Dr. Schmidt's writings on Buber include the monograph Martin Buber's Formative Years: From German Culture to Jewish Renewal 1898-1909, as well as her edited translation The First Buber: The Youthful Zionist Writings of Martin Buber. Dr. Schmidt has also translated Ninety-Two Poems and Hymns of Yehuda Halevi, and has edited and translated volumes on Jewish artists and Schleiermacher, among other topics.

She was born in Stuttgart, Germany, and received her Ph.D. in Comparative Religion with a concentration in Judaism and her M.A. in Germanic Languages and Literatures from the University of Pittsburgh. Dr. Schmidt's research and teaching focuses on European Jewry, Zionism, Holocaust, Israel, European Intellectual History, Women in Judaism, and Modern Jewish Thought. She has received numerous honors and awards, including a National Endowment for the Humanities grant for research on Zionism at Columbia University in New York.

The Many Faces of Martin Buber: Herald of a New Age for Christians and Jews
Dr. Gilya Gerda Schmidt, Professor and Head of the Department of Religious Studies, and Chair of the Fern and Manfred Steinfeld Program in Judaic Studies, at the University of Tennesee



Dr. Michael J. Cook is the Sol & Arlene Bronstein Professor of Judaeo-Christian Studies at Hebrew Union College-Jewish Institute of Religion, Cincinnati campus.  He was one of the seven Catholic Cookand Jewish scholars selected by the US Conference of Catholic Bishops to assess an advanced script of Mel Gibson's highly controversial film, The Passion of the Christ (back in April 2003).  It was the report of these seven scholars that ignited much of the ensuing heated controversy that continues to make the news.

Dr. Cook has the unusual distinction of being a rabbi with a Ph.D. in New Testament, and serves on many advisory boards in Jewish-Christian relations.  His numerous publications treat evolving Jewish views of Jesus and Paul, studies on the various Gospels and studies on a wide spectrum of specialized subjects including the trial of Jesus, images of Judaism in Christian Art, the history of anti-Semitism, the role of Passover in modern Christianity, and how Jews may attempt to neutralize missionary encroachment.  He is currently writing a major book entitled "Modern Jews and the New Testament: Removing the Veil," has composed a "Manual for Managing the Millennium," and produced with his students the popular video, "Missionary Impossible".

Dr. Cook has received an "Excellence in Teaching Award" sponsored by the Greater Cincinnati Consortium of Colleges and Universities.  He travels widely, addressing Jewish and Christian audiences, including congregations as well as academicians, clergy, and seminarians throughout North America.  He has served as a member of the Executive Board of the Central Conference of American Rabbis, has five children, and he and his wife spend a major portion of each summer working with Jewish youth at the Union for Reform Judaism camp in Zionsville, IN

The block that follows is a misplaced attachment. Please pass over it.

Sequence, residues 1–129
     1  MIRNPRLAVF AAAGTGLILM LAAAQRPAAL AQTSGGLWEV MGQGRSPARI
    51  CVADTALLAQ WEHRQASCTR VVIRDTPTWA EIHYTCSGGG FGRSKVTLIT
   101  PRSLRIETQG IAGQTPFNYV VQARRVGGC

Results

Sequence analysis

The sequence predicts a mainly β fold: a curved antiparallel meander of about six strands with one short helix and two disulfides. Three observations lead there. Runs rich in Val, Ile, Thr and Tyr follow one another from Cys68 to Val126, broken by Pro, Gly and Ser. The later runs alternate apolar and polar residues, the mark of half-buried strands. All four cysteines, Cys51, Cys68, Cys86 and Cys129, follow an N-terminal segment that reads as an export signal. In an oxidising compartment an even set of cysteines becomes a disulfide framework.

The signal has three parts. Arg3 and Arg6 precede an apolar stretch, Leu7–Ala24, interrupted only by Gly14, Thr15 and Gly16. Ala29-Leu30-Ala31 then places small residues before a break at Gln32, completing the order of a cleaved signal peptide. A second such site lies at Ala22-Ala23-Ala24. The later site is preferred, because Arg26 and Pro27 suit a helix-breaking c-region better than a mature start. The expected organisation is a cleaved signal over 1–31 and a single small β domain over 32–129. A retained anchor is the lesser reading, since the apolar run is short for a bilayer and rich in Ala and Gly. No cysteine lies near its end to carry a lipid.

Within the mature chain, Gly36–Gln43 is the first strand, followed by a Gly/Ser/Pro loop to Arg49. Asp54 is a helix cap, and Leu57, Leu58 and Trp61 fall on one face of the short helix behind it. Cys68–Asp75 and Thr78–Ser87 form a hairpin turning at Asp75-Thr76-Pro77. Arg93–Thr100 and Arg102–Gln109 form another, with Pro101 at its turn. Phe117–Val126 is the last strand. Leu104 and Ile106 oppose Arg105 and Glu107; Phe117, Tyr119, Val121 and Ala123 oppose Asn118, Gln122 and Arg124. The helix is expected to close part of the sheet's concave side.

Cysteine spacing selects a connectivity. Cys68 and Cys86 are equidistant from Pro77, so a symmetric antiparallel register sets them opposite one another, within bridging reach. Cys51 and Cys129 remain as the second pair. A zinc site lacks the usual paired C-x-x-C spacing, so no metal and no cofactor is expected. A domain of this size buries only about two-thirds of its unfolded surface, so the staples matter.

Looking Beyond Mel Gibson's The Passion - Reviewing & Previewing the Wider Ramifications

Dr. Michael Cook, Sol & Arlene Bronstein Professor of Judaeo-Christian Studies at Hebrew Union College-Jewish Institute of Religion, Cincinnati campus








A native of Richmond, Virginia, Dr. Leonard Greenspoon holds the Klutznick Chair in Jewish Civilization at Creighton University.  On the Creighton faculty since 1995, Greenspoon is also leonardProfessor of Classical & Near Eastern Studies and of Theology.

 From his days at a graduate student at Harvard University (from which he received his Ph.D., in Near Eastern Languages and Civilizations), Greenspoon has been interested in translations of the Bible.  Many of his publications-he has edited or authored a dozen books, written more than a hundred articles and book chapters, and penned almost 500 book reviews-deal with aspects of this fascinating subject.  He has written on topics ranging from the earliest translation of the Bible, the Septuagint, to versions of the Bible composed as recently as last year.  He is recognized internationally as an expert on the history of Jewish Bible translations, and he has been involved as editor or consultant in two Bible translation projects.

     In his research and writing, Greenspoon is especially interested in the way Bible translators-acting as individuals or, more often, as members of a committee-reflect the historical, social, cultural, political, as well as religious environments in which they work.  He also focuses on how specific Bible translations influence the communities for which they are intended, and how later translators and commentators make use of earlier versions 

     While translation has been a prime focus of Greenspoon's scholarly work, he has a wide array of other interests, as reflected in articles he has written, for example, on the Jews of South Carolina, fairy tales, the ethical dimensions of being a parks or recreational professional, and effective ways to grade student essays.  In recent years, he has become increasingly interested in religion and popular culture and has published articles on the Bible in comic strips as well as on the often-humorous use of the Bible in the daily press. In this connection, he is scheduled to give a public lecture on Jews in the comic strips next spring.